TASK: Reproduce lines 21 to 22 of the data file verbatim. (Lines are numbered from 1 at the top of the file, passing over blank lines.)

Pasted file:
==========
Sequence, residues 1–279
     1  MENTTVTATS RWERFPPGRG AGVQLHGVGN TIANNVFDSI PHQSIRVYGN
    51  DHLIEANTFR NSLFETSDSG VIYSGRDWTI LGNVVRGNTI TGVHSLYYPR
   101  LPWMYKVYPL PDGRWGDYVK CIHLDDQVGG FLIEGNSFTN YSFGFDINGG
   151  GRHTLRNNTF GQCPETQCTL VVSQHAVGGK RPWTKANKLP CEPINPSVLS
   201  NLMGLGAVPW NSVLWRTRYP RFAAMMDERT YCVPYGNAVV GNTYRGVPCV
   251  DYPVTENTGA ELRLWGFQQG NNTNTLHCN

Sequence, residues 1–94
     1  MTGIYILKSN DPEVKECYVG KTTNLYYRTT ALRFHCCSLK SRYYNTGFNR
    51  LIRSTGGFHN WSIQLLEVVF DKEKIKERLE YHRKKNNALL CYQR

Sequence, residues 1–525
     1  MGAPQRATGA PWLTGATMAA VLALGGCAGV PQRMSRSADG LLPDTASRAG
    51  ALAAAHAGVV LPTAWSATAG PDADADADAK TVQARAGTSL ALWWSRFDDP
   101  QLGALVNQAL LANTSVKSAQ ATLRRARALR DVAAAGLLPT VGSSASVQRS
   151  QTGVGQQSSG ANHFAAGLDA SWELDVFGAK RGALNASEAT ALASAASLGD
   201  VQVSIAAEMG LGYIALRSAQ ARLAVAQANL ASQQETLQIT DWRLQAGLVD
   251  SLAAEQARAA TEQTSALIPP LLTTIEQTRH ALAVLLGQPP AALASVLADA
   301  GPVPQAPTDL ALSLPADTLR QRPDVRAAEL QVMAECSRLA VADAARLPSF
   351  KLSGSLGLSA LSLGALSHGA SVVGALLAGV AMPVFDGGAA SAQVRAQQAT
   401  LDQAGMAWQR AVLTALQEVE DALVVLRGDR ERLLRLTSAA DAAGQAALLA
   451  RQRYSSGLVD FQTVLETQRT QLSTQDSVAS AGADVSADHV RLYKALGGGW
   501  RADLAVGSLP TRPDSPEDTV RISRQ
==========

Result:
   451  RQRYSSGLVD FQTVLETQRT QLSTQDSVAS AGADVSADHV RLYKALGGGW
   501  RADLAVGSLP TRPDSPEDTV RISRQ